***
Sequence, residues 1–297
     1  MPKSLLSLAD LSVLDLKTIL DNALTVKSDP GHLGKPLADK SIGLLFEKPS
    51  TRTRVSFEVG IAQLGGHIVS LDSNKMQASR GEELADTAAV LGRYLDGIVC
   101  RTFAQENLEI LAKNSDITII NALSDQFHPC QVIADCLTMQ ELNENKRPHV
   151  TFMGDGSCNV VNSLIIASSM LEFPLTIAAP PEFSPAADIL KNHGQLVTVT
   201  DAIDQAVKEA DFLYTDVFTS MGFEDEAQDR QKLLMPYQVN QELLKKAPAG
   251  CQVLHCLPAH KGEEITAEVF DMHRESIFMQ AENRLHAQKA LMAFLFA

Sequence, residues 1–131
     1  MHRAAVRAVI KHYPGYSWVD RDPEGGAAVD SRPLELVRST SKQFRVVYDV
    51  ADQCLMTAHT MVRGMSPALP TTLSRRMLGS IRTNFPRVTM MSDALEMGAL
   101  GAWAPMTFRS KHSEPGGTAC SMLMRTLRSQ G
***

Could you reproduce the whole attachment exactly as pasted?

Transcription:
Sequence, residues 1–297
     1  MPKSLLSLAD LSVLDLKTIL DNALTVKSDP GHLGKPLADK SIGLLFEKPS
    51  TRTRVSFEVG IAQLGGHIVS LDSNKMQASR GEELADTAAV LGRYLDGIVC
   101  RTFAQENLEI LAKNSDITII NALSDQFHPC QVIADCLTMQ ELNENKRPHV
   151  TFMGDGSCNV VNSLIIASSM LEFPLTIAAP PEFSPAADIL KNHGQLVTVT
   201  DAIDQAVKEA DFLYTDVFTS MGFEDEAQDR QKLLMPYQVN QELLKKAPAG
   251  CQVLHCLPAH KGEEITAEVF DMHRESIFMQ AENRLHAQKA LMAFLFA

Sequence, residues 1–131
     1  MHRAAVRAVI KHYPGYSWVD RDPEGGAAVD SRPLELVRST SKQFRVVYDV
    51  ADQCLMTAHT MVRGMSPALP TTLSRRMLGS IRTNFPRVTM MSDALEMGAL
   101  GAWAPMTFRS KHSEPGGTAC SMLMRTLRSQ G